Lady Vanishes and Other Oddities of Nature Hardcover – May 2002
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From Publishers Weekly
Hugo Award winner Sheffield's gift for merging hard SF with compelling characters shows brightly in most of these 11 previously uncollected stories. In the poignant title tale, a physicist tries to help find a missing fellow scientist who seems to have disappeared by making herself invisible. Likewise, in Packing Fraction, another scientist must explain why a disastrous experiment levels a town. In the autobiographical Nebula winner, The Peacock Throne, which retains its strength despite dated references to the Reagan era, a journalist follows rumors of an incredible new energy source to Iran, where the answers will not be clear or easy to find. The Art of Fugue and the first contact tale, Waiting for the Riddler, are classic puzzle stories with suspenseful twists, while Cloud Cuckoo offers space adventure with a touch of astrophysics instruction. The Whole Three Yards explores one possible future for pro sports, in which football players don't retire for decades; meanwhile, the veteran soldiers in Brooks Too Broad for Leaping will sacrifice anything to get back into the service. Nuremberg Joys and Phallicide powerfully depict sacrifice and betrayal in the name of science. In contrast, What Would You Like to Know? tells an old-fashioned story of love lost and found with nary a scientist in sight. Readers who enjoy Sheffield's work will want this to fill in the gaps of previous collections, and those who may only know him from his novels (Cold as Ice, etc.) will find much to savor here.
Copyright 2002 Cahners Business Information, Inc.
From Library Journal
Four more titles in Five Star's new series of short fiction by noteworthy sf authors offer a variety of tales that illustrate the depth and staying power of the genre. God Is an Iron and Other Stories presents ten tales by sf veteran Robinson, including the author's classic novella "Stardance" (co-written with Jeanne Robinson), which relates the bittersweet tale of a dancer who finds her destiny among the stars. Sf author and editor Schmidt's Generation Gap and Other Stories consists of 11 stories that range from the title story's exploration of a meeting between a man and his younger self to the complications surrounding the revival of an extinct species ("Johnny Birdseed"). The Lady Vanishes and Other Oddities of Nature brings together 11 tales by sf veteran and scientist Sheffield, including a missing-person mystery ("The Lady Vanishes") and a wry look at the future of football ("The Whole Three Yards"). In Suppose They Gave a Peace and Other Stories, fantasy and sf author Shwartz collects ten stories that run the gamut from alternate history ("Suppose They Gave a Peace") to feline perceptions ("Critical Cats"). Most of the stories in these volumes have only appeared in periodicals. Libraries wishing to augment their sf or short fiction collections should consider any of them.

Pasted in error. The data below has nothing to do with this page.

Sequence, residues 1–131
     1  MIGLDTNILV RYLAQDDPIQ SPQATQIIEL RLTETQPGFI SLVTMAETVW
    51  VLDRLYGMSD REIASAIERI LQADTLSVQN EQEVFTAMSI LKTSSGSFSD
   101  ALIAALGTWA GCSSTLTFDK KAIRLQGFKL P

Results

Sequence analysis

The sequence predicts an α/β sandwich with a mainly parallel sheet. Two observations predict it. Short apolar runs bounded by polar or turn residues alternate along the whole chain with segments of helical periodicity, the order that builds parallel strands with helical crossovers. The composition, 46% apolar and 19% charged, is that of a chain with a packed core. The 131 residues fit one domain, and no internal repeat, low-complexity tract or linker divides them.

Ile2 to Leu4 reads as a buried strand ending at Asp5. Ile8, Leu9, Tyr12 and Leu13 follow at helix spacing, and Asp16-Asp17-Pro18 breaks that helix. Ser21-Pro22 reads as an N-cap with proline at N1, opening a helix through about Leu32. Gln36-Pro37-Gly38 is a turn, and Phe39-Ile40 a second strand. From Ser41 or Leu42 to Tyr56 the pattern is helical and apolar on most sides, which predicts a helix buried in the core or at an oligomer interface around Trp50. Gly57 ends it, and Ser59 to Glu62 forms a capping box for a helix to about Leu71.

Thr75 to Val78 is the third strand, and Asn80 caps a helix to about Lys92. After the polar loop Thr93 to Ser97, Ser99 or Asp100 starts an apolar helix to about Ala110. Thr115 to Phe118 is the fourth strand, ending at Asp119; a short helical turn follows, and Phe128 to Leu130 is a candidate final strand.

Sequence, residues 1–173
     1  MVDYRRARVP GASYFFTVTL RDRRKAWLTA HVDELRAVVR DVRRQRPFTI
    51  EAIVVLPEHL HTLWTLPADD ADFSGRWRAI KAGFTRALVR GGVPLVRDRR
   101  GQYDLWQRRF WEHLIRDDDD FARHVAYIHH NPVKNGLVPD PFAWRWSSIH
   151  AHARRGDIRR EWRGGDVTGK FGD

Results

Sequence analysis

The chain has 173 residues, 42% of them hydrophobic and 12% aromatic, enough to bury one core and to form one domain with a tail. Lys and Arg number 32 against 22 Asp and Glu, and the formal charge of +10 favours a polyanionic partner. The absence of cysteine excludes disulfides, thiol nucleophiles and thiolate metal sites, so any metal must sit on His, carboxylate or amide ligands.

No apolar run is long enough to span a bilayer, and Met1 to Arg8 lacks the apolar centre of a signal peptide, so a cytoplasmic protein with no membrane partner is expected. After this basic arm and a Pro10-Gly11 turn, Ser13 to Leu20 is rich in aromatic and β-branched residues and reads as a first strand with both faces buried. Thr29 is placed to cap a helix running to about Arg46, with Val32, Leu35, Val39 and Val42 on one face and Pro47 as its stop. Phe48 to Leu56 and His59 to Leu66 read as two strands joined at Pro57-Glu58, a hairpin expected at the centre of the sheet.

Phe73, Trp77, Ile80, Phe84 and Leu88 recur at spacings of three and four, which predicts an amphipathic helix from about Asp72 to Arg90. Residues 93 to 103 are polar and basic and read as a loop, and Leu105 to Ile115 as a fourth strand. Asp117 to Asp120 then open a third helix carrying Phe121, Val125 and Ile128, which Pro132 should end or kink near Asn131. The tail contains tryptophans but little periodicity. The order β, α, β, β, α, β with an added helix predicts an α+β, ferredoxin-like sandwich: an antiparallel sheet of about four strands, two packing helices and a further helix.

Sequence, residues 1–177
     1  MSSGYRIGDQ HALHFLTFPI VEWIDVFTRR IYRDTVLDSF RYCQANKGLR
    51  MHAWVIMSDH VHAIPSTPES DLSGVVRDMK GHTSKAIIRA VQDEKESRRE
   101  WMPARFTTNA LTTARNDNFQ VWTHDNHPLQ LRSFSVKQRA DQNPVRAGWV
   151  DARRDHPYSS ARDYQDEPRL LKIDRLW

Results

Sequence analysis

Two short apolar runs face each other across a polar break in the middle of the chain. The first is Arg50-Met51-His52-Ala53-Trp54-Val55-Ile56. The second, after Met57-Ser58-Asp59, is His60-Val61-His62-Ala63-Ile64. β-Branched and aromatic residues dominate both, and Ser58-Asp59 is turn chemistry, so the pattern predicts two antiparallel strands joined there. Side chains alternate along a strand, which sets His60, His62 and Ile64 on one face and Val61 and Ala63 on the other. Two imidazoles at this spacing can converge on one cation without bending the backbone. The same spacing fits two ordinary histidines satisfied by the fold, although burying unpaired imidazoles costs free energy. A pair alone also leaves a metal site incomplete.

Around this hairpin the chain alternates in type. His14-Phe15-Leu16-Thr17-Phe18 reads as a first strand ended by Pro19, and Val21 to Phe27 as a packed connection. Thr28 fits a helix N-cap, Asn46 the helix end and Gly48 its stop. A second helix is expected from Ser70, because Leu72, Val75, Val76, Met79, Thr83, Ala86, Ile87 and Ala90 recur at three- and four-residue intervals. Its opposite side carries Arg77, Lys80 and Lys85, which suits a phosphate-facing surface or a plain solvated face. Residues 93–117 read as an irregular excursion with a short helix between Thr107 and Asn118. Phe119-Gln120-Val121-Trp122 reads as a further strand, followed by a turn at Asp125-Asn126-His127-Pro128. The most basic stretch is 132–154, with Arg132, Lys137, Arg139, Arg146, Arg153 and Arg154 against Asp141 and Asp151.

Copyright 2002 Reed Business Information, Inc.
Most Helpful Customer Reviews on Amazon.com (beta)
For example the title story The Lady Vanishes is another scientist turning invisible story. In this 20 page story, Sheffield uses the projector/cameras clothing method (see Where's My Jetpack?: A Guide to the Amazing Science Fiction Future that Never Arrived by Daniel Wilson for the best explanation of this method), for the actual turning invisible with his characters ridiculing H G Wells' novel and pointing out how the method used in that novel could never happen. Nothing else really happens in the book, basically her colleague is told she disappeared from a secure facility, has used a few ATMs without showing up on security footage and he has to find her, which he doesn't really need to do as he just drives to her apartment. In the afterword its pretty clear the author isn't too familiar with the invisible man genre, maybe just assuming H G Wells is the only author ever to write about it. Each story has an afterword where Sheffield pretty much strokes his own ego. In this one Sheffield claims this as an idea he got from animals in nature. Too bad the idea has been around for a lot longer than your story Charles. Plus the fact half the story is pretty much implying Wells came up with the invisible man idea ignores Fitz-James O'Brien's What Was It? and other stories written before Wells' novel.
As for the rest of the short stories a few get a bit better but most read like the first. They are set in space, government institutions and laboratories, the sporting fields and diplomatic postings. Incase you're interested the stories inside were all written between 1996 and 2000 and are -
The Lady Vanishes
The Peacock Throne
Brooks Too Broad for Leaping
The Art of Fugue
The Whole Three Yards
What Would You Like to Know?
Waiting for the Riddlers
I'd give the collection a miss though, there's better ways to spend your time.
Invisible ex-spook, now.
3.5 out of 5